Aim: To know and love Jesus in his way of consecrating himself both to God and to his mission.
I have come to do your will (Heb 10:5-10): When Christ came into the world, he said, “Sacrifices and offerings you have not desired, but a body you have prepared for me;in burnt offerings and sin offeringsyou have taken no pleasure.Then I said, ‘See, God, I have come to do your will, O God’(in the scroll of the book it is written of me)”. When he said above, “You have neither desired nor taken pleasure in sacrifices and offerings and burnt offerings and sin offerings” (these are offered according to the law), then he added, “See, I have come to do your will”. He abolishes the first in order to establish the second. And it is by God’s will that we have been sanctified through the offering of the body of Jesus Christ once for all.
Anointed to bring good news to the poor (Lk 4:16-21): When he came to Nazareth, where he had been brought up, he went to the synagogue on the Sabbath day, as was his custom. He stood up to read, and the scroll of the prophet Isaiah was given to him. He unrolled the scroll and found the place where it was written: “The Spirit of the Lord is upon me, because he has anointed me to bring good news to the poor. He has sent me to proclaim release to the captivesand recovery of sight to the blind, to let the oppressed go free,to proclaim the year of the Lord’s favour”. And he rolled up the scroll, gave it back to the attendant, and sat down. The eyes of all in the synagogue were fixed on him. Then he began to say to them, “Today this scripture has been fulfilled in your hearing”.
Jesus lived his Consecration to God fully and wholeheartedly. According to the letter to the Hebrews, at the time of the Incarnation, he said: “O God, you took no pleasure in holocausts or sacrifices for sin; then I said, ‘See, God, I have come to do your will’” (Heb 10:5-7).
To his parents, who showed surprise and worry when they found him in the Temple, among the doctors of the Law, he said: “Did you not know that I must be busy with my Father’s affairs?” (Lk 2:49).
To the disciples who urged him to eat, he replied: “My food is to do the will of the one who sent me and to complete God’s work” (Jn 4:34).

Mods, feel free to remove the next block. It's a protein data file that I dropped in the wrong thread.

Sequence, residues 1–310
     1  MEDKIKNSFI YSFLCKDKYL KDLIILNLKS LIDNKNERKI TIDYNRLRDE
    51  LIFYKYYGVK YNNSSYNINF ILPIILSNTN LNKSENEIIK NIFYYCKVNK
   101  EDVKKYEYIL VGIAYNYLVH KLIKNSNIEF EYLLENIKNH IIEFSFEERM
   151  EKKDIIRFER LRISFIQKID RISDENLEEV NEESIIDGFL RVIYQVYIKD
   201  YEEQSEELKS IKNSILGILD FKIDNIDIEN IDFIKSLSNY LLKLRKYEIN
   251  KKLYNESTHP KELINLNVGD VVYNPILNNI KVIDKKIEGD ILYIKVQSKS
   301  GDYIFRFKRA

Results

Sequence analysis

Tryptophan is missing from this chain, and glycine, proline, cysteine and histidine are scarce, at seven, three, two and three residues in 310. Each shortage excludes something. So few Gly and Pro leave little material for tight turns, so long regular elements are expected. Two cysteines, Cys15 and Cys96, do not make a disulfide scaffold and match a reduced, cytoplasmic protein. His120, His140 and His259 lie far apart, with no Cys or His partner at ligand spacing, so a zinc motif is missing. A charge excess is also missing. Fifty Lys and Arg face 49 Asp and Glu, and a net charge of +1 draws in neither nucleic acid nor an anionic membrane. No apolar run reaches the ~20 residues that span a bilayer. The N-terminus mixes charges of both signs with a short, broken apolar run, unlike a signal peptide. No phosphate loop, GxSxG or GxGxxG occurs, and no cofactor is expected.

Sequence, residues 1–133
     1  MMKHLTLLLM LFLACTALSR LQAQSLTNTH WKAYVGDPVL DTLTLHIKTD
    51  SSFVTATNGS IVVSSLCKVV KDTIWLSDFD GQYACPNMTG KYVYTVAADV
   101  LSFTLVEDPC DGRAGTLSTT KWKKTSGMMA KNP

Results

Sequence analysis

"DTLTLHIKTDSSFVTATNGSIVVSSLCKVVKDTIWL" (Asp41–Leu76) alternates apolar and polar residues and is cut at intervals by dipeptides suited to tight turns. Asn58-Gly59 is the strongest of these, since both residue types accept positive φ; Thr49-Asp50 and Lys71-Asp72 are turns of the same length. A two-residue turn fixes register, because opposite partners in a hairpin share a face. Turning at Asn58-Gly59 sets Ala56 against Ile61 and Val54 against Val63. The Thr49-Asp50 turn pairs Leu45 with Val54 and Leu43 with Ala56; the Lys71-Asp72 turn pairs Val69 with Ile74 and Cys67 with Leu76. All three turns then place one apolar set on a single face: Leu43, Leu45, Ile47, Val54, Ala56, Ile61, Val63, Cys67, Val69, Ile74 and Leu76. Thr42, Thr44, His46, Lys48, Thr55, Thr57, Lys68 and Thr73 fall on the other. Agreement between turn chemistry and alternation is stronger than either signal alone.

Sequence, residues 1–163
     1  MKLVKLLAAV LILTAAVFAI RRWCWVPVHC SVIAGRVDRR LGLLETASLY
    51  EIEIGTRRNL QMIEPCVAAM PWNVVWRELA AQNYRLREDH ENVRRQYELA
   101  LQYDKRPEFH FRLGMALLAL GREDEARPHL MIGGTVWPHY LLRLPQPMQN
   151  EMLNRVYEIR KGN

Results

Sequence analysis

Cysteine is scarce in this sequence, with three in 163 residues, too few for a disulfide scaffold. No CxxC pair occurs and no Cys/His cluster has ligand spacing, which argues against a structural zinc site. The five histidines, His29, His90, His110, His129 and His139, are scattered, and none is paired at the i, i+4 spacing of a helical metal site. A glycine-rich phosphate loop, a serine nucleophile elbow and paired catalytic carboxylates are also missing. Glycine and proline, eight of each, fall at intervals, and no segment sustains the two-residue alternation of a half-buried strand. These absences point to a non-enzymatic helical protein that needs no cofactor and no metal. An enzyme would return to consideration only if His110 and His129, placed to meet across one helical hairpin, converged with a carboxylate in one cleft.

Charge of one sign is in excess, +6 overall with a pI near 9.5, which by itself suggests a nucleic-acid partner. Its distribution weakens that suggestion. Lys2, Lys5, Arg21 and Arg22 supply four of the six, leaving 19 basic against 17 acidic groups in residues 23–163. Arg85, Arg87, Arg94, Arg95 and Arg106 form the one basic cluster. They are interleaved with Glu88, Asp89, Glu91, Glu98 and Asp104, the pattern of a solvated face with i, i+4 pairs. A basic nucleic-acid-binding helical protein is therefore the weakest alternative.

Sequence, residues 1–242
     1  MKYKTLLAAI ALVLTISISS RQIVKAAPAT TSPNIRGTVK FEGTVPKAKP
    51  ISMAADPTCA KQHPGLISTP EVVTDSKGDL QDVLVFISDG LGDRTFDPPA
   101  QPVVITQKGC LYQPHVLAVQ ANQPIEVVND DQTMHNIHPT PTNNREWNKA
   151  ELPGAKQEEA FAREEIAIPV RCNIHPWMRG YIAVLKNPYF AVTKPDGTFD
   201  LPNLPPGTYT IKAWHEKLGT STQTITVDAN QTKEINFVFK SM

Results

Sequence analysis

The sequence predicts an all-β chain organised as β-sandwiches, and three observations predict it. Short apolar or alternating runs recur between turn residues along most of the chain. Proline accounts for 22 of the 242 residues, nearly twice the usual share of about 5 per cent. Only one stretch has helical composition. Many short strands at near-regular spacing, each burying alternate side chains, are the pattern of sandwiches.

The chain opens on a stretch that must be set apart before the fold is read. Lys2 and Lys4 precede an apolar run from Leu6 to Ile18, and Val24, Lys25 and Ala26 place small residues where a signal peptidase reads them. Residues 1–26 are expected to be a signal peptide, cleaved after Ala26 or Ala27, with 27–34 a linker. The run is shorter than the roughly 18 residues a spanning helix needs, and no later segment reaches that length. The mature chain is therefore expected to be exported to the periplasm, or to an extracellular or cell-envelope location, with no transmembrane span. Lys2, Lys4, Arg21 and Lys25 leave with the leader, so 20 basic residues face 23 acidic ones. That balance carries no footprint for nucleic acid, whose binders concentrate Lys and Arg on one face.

Jesus’ consecration to God’s plan was deeply rooted both in his mind and in his heart; hence, the strong sense of self-appropriation of his call: “He rolled up the scroll and began to say, ‘Today this scripture has been fulfilled in your hearing’” (Lk 4:21).
Also, we admire in Jesus his determination, whenever he had to make important decisions. When the disciples found him in prayer and informed him about people searching for him, he said: “Let us go on to the neighbouring towns so that I may proclaim the message there too; for that is what I came out to do” (Mk 1:38). Luke reports that “when the days drew near for Jesus to be taken up”, i.e., to fulfil the work of redemption, “he set his face to go to Jerusalem” (Lk 9:51). In the garden of Gethsemane, he prayed, “Father, if you are willing, remove this cup from me; yet not my will but yours be done” (Lk 22:42).
In his so-called “priestly prayer”, he affirmed his consecration as a reality that he lived through to the end: “Father, I have glorified you on earth and finished the work that you gave me to do” (Jn 17:4). He reiterated the same from the cross, when he uttered his last words, “It is accomplished” (Jn 19:30).
Personal Reflection and Sharing
What qualities of Jesus’ consecration inspire me most?
What do I need to do to improve the quality of my own baptismal consecration?